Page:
Strawberry Flavored Disaster

Athena ScalziFor the past decade, I’ve had a tiny strawberry patch by my house. Most years, I fail to do anything with them, except maybe make some jam, but nothing spectacular. This year, I decided I would try to use them for a freshly baked pie. It seemed so aesthetic and simple.

So, I got to picking. I only picked half the patch before my container I brought out was overflowing.

A Tupperware full of small, fresh strawberries.

Deciding that was probably plenty, I went inside and washed them, and set them on paper towels to dry while I looked up a recipe for the pie. Look at all these funky little dudes!

An array of odd looking strawberries, some big, some tiny, some wonky.

I settled on King Arthur’s No-Bake Fresh Strawberry Pie. Mainly because I already had all the ingredients listed, partially because I use King Arthur unbleached all-purpose flour anyway, so might as well use their recipe, right? Also, I don’t have pie weights, as I’ve never made a pie before, and this recipe calls for baking the crust in the microwave rather than the oven, so I figured I could skirt around using pie weights if I used this recipe.

First, it says to put the butter in a microwave safe 9″ pie pan. As soon as I dropped the stick of butter in my pie pan, I realized it mostly certainly was not a microwave safe one. In fact, I realized I don’t have any microwave safe pie pans. So, I figured I could just melt the butter in a bowl and then pour it into the pie pan, then add the dry ingredients on top of it. So I did that! And this is how it looked:

A pie pan with dough covering the bottom, but not going up the sides like it should be.

This was so different from how I imagined a pie crust to be. Most pie crusts are made using cold butter and ice water, and are certainly not as squishy as this was. Regardless, I pressed it into the pan the best I could, and discovered that there wasn’t enough dough to go up the sides, like a pie crust should. No matter how thin I made the bottom layer, it wouldn’t go up the sides. I wasn’t sure how to fix that, but then it didn’t even matter because I suddenly remembered that this was supposed to go BACK INTO THE MICROWAVE TO BAKE.

It was still not, nor was it ever, a microwave safe pie pan. So now I had a dough that needed to be cooked, and I could not follow the recipe’s method to cook it, because I just put it right back into the same pan I specifically did not put the butter in. Obviously, I took to Google to try to convert microwave time to oven time, as well as figure out what temperature I should bake it at.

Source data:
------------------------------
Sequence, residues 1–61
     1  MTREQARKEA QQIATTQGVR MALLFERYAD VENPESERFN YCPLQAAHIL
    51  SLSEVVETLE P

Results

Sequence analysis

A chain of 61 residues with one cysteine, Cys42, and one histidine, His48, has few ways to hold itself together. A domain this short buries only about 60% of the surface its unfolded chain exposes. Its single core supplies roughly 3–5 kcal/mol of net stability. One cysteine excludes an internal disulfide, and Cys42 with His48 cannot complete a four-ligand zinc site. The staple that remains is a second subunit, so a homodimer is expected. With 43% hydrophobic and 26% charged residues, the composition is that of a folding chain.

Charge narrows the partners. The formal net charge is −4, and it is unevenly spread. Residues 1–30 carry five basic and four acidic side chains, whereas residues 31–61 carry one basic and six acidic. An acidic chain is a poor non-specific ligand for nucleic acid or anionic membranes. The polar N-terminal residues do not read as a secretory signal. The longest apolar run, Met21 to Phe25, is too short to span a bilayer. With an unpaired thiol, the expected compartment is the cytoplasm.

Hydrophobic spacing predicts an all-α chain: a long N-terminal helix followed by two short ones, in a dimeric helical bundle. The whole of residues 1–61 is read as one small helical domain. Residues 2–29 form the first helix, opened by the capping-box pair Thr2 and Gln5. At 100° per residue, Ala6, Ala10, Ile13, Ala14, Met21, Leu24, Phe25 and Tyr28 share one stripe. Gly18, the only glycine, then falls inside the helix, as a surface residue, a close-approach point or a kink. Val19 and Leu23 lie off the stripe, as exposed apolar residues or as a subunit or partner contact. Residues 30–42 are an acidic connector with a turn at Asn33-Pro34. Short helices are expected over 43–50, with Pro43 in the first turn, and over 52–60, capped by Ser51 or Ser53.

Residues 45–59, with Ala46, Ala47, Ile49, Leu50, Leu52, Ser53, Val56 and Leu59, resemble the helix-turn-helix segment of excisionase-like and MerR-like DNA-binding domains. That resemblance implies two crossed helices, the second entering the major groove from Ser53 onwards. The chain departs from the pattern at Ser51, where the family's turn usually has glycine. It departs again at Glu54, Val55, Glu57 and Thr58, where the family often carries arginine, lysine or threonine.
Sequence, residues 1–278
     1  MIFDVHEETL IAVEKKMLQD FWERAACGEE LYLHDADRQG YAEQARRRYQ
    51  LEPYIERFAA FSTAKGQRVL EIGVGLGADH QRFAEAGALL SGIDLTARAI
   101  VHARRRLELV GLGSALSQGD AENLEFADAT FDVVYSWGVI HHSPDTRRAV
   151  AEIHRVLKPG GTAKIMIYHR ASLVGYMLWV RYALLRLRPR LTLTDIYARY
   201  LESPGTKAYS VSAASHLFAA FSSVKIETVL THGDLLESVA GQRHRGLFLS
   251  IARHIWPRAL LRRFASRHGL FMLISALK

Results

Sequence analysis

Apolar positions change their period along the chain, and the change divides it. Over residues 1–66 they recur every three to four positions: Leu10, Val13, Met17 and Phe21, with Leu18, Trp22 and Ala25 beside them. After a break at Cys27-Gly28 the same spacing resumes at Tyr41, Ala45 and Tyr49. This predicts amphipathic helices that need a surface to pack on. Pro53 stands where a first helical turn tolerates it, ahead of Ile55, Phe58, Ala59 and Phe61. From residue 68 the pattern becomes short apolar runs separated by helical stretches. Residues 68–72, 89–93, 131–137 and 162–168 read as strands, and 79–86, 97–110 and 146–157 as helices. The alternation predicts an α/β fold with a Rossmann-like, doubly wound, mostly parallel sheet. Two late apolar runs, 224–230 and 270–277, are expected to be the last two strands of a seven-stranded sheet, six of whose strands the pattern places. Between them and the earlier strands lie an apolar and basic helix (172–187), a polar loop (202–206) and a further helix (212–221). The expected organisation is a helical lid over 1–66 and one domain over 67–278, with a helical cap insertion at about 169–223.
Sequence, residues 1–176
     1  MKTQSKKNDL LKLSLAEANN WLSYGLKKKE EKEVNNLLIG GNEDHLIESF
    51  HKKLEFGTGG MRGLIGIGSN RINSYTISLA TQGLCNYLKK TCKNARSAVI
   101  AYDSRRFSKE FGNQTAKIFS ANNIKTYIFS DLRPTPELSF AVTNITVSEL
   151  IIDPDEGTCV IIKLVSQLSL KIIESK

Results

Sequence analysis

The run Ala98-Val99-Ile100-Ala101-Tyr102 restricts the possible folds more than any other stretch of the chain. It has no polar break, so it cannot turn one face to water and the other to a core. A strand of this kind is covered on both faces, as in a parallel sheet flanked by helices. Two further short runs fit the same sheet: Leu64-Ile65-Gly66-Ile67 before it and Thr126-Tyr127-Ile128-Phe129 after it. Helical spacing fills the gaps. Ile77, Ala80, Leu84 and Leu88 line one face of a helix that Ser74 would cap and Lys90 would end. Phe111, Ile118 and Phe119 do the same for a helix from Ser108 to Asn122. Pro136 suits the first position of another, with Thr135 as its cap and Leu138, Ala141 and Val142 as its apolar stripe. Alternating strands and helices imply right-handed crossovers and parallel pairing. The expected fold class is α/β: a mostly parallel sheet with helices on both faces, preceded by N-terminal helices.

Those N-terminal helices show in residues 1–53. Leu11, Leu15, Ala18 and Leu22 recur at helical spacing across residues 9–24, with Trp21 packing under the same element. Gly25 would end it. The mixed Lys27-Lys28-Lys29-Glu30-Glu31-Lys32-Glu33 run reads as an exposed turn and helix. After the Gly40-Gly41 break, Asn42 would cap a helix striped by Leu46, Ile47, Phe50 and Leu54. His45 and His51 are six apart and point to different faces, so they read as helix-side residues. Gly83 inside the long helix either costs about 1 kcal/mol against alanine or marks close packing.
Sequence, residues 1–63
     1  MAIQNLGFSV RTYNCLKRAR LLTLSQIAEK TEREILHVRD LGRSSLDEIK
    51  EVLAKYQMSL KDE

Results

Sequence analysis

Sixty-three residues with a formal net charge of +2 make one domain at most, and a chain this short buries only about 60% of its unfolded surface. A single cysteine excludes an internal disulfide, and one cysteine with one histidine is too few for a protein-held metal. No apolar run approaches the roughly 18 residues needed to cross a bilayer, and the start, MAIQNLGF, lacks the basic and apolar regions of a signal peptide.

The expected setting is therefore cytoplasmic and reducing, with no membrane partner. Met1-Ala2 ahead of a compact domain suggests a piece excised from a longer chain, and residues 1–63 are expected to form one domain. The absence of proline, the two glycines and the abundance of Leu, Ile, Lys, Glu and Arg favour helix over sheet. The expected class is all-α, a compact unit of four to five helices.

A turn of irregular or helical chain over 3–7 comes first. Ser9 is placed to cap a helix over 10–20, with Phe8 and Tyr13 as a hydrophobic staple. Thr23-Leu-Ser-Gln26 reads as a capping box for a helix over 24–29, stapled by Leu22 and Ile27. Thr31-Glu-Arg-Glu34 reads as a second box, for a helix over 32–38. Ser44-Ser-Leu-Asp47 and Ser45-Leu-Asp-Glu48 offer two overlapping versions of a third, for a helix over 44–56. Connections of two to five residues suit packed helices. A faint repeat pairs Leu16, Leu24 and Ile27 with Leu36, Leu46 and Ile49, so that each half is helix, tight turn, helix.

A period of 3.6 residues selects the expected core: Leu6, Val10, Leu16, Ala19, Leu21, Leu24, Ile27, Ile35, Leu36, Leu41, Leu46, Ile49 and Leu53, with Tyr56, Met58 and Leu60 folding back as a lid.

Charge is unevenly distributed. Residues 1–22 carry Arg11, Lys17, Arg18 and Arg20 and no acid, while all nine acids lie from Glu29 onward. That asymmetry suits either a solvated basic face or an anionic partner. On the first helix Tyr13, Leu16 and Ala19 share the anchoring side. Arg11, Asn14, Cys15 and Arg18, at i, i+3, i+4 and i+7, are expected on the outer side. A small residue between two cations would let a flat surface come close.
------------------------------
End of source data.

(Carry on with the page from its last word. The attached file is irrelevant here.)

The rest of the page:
After much thorough research (about one minute and skimming, because I’m wildly impatient), I threw it in the oven at 375 degrees for fifteen minutes. After that time was up, it wasn’t quite done, so I gave it another ten, which was too much, and it came out too dark in some parts.

A pie pan with a fully baked crust in it, but only covering the bottom, and too dark in some parts.

So, the crust was a total bust in my eyes. I decided to go ahead and try to make the filling anyways, and then maybe retry another pie crust later.

For the filling, it said I needed eight cups of strawberries, which I was fairly sure I had. I cut up all the strawberries, and it ended up only measuring five cups. Then I realized I should have measured the eight cups before cutting them up, because they take up less space when they’re all cut up. So I totally mis-measured. I said fuck it and continued with the filling recipe, which called for sugar, cornstarch, water, and lemon juice. This is what it looked like when I was done with it:

A bowl of a runny strawberry mixture, with tons of chunks of strawberries in it.

Upon tasting it, the texture and taste were both off, and I wasn’t sure why, until I realized I probably used too much cornstarch, since I was using the amount that correlated with the eight cups of strawberries, rather than accounting for how much I actually had (which was an unknown amount, really, I was just estimating). Also, despite all the cornstarch, which I’m pretty sure was supposed to be the thickener, it was still runny.

Feeling defeated and disappointed, I covered the bowl with foil and put the strawberry mixture in the fridge, and left the non-pie-crust-pie-crust out on the stove, and walked away from it.

Along came my father, who always makes me feel better about my less than perfect baking attempts. He said both things I made tasted good, and whipped up this little concoction:

The pie crust I attempted really did taste far more like shortbread than a pie crust, and was also not even close to a pie crust texturally. Honestly, I don’t even like pie crust, and I love shortbread, so I guess I’m not too unhappy with how this turned out. I had him make me a serving, too, and it was pretty dang good.

Do you have any pie crust recipes to recommend? Have you ever had a garden fresh strawberry (they’re way better)? Let me know in the comments, and have a great day!


49 Comments on “Strawberry Flavored Disaster”